We’ve covered the detriment of low-speed pre-ignition (LSPI) in the past, along with several articles on how oil can play a huge part in solving that problem both here and here. We’ve also covered the development of some of the new oil standards discussed in the video.
However, that is a lot of really technical information, and we realize that not everyone wants to discuss the problem at a theoretical level, and just want a simple breakdown of the issues and the solutions. Enter Amsoil with its recent video on low-speed pre-ignition.
The quick, two and a half minute video provides a lot of practical information in a very short amount of time, covering the factors which cause LSPI, how they’ve addressed the issue, and how to make sure you’re putting the right oil into your engine to fight it.
Broken down simply, as engines shift to turbocharging, direct-injection, and variable valve timing, to both increase power and economy, a unique set of stresses are placed on the engine oil. That led to the new oil standards — ILSAC’s GF-6 and API’s SP, both of which we discuss in detail in the linked article above.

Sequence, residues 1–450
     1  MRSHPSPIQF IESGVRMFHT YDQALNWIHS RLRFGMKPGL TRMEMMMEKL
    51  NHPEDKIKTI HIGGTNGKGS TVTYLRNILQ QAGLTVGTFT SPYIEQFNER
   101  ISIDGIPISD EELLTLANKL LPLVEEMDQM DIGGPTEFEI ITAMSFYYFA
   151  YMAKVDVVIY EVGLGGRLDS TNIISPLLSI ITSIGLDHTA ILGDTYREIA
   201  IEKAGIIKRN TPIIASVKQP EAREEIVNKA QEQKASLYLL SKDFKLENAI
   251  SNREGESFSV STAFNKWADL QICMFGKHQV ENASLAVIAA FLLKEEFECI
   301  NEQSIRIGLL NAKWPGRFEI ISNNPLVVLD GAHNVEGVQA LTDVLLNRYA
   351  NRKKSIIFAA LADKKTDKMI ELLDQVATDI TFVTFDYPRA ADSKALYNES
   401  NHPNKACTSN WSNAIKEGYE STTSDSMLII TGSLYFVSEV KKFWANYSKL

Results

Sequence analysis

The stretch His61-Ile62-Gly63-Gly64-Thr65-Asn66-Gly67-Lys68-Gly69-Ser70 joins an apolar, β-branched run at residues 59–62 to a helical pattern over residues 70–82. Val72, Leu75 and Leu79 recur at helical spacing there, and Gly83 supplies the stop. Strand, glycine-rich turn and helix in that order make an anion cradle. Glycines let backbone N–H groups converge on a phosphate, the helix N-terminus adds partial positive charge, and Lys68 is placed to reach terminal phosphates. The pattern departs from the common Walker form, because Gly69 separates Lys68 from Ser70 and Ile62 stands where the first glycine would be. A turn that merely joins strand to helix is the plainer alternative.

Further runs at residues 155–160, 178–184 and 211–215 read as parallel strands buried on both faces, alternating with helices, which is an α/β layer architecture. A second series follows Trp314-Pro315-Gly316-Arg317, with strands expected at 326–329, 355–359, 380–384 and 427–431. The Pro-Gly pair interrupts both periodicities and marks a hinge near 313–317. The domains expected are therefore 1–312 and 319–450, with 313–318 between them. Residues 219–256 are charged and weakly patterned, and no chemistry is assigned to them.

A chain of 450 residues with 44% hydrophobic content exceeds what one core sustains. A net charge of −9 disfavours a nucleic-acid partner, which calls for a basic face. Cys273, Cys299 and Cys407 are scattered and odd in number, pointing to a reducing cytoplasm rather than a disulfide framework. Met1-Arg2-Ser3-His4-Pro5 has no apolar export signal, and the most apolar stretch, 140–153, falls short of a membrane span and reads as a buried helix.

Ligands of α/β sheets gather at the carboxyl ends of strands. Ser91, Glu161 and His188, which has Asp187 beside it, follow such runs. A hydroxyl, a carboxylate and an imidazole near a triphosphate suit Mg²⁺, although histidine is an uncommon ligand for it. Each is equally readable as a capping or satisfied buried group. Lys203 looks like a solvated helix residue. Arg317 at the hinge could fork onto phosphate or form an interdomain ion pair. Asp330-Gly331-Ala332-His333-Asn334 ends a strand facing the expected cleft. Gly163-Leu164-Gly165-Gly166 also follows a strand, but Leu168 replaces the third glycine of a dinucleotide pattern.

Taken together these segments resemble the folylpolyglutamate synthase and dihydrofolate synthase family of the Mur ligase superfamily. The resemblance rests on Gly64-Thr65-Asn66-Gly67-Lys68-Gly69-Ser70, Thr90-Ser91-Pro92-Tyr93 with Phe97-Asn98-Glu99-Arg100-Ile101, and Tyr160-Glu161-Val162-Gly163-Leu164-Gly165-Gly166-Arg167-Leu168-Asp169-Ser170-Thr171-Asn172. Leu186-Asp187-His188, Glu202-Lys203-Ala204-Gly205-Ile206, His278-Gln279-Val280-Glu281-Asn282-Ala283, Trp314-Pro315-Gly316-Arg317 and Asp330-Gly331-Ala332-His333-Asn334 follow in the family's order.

Simply put, the GF-6A specification covers the “traditional” multi-grade 20- and 30-weight oils (0W-20, 5W-20, 5W-30, 10W-30), and is backward-compatible with vehicles that originally called for a previous specification of oil, while still being formulated to provide LSPI protection properties. GF-6B is a new specification for engines specifically designed for 0W-16 oils. A and B are not interchangeable.
The simple fact is, if you are running an engine that is susceptible to low-speed pre-ignition (pretty much every newer turbocharged Gasoline Direct-Injected engine), you need to make sure you are running an oil with some form of LSPI protection.
The easiest way is to look for the GF-6A or API SP seal on your oil, not to mention sticking with a quality oil manufacturer. While your 1994 Honda Civic DX can probably live on generic oil from the local Qwik-E-Mart, these newer engines require something a little more advanced.